- Almost a synonym for "breed".
Possesses that elusive quality where many layers of flavour separate a great
wine from a very good one. Balance
combines all flavour and taste
components in almost miraculous harmony.
- Refers to "silk-like" taste of some wines. Almost a synonym for "buttery".
Opposite of "crisp".
- Wine has pronounced but pleasing tartness, acidity. Fresh,
young and eager, begs to be drunk. Generally used to describe white wines
only, especially those of Muscadet de Sevres et Maine from the Loire region of
- A method by which cellar-aged bottled wine is poured slowly and carefully
into a second vessel, usually a glass decanter, in order to leave any sediment
in the original bottle before serving. Almost always a treatment confined to
red wines. The traditional method uses a candle flame as the light for
illuminating the neck of the bottle while the wine is passing by. The low
intensity of the light is ideal for viewing since it does not strain the eyes.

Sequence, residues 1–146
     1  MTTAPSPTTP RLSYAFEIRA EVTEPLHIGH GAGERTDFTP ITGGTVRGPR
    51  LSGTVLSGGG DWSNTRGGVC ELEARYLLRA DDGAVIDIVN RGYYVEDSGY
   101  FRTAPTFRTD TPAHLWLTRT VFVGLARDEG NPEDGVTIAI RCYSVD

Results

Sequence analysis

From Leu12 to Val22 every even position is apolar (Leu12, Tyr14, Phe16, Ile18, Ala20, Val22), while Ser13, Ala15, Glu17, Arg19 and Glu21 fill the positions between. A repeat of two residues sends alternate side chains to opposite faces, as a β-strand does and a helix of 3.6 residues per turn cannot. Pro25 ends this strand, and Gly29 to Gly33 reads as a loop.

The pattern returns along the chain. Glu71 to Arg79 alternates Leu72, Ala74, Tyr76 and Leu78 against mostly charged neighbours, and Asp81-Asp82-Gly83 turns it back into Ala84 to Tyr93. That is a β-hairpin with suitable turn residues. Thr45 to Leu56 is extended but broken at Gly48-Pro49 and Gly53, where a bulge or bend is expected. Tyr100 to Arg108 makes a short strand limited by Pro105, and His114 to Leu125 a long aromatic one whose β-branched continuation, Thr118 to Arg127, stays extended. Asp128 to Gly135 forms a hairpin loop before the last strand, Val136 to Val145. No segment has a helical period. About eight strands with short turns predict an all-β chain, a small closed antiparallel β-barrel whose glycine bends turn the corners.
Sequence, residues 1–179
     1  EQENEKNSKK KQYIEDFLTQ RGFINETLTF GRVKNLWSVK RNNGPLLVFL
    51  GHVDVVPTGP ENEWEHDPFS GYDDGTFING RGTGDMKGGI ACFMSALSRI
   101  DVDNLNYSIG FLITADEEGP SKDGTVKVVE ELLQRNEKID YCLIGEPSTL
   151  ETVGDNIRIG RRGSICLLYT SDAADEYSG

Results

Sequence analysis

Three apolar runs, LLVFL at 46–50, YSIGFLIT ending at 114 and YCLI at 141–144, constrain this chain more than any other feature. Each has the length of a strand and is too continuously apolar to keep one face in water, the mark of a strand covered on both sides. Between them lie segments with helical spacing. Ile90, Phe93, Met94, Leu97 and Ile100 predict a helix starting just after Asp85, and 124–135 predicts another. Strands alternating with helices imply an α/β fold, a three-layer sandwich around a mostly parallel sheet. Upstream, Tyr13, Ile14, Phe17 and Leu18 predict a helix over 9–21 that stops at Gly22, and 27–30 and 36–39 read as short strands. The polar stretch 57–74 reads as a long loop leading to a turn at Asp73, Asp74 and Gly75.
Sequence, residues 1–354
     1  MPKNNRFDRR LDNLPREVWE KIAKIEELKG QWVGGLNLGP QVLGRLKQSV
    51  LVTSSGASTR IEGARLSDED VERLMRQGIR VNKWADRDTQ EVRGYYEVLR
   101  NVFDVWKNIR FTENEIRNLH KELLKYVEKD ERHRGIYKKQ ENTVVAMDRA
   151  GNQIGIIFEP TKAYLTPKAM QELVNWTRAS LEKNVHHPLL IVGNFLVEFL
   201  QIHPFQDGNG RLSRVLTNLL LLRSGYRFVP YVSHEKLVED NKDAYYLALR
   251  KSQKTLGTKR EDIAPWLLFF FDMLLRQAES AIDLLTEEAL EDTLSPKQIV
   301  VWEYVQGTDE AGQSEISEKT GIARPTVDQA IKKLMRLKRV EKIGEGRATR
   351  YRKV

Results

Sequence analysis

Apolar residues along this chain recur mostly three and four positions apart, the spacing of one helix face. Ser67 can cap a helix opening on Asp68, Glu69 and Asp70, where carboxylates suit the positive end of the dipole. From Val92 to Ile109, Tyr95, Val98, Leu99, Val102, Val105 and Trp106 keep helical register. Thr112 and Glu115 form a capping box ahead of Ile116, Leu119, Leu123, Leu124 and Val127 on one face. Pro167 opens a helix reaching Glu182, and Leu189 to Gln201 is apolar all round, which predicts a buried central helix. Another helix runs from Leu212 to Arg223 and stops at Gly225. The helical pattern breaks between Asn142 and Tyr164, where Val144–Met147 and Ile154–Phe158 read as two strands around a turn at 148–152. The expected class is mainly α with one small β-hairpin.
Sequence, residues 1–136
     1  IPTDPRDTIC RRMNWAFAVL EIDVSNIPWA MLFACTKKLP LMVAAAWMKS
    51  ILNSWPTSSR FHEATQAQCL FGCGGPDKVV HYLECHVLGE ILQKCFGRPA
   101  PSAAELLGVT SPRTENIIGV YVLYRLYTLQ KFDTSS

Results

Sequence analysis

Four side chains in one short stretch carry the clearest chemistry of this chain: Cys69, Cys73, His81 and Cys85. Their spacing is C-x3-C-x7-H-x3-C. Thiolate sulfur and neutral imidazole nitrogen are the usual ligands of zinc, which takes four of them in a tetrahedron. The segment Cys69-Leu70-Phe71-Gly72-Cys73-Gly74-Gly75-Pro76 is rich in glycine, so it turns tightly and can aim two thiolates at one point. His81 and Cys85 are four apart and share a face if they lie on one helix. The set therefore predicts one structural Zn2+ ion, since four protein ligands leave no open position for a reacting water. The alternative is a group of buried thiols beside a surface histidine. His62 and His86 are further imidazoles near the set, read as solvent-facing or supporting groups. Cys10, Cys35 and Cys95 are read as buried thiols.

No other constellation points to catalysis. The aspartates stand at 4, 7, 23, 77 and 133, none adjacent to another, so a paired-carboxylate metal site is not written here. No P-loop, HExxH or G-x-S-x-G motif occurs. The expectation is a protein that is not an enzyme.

Care must be taken NOT to allow the flame to heat the wine while performing
- Any wine demonstrating somewhat mild, but attractive
characteristics. Occasionally used to describe well-made wines from the
so-called "lesser grape" varieties.
- DEPTH, DEEP (see also LINGERING).
- Refers to a premium wine that demands more attention, it fills the mouth
with a developing flavour, there are subtle layers of flavour that go "deep."
- DESSERT WINE
- Has two meanings:
- Fortified wine - eg: Sherry - where alcohol
is added in the form of Brandy or neutral spirits.
- Sweet or
very sweet wines of any alcohol level customarily drunk with dessert or by
themselves and usually in small amounts.
- DIRECT (see also EASY, SIMPLE).
- Everything present in this wine is immediately obvious.
- DIRTY (see also YEASTY/YEASTLIKE
- Describes any of the undesirable odours that can be present in a wine that
that was poorly vinified. A characteristic imparted by improperly cleaned
barrels or various other processes performed incorrectly. Usually detected
first in a wine by the smell of the cork stopper or from a barrel sample.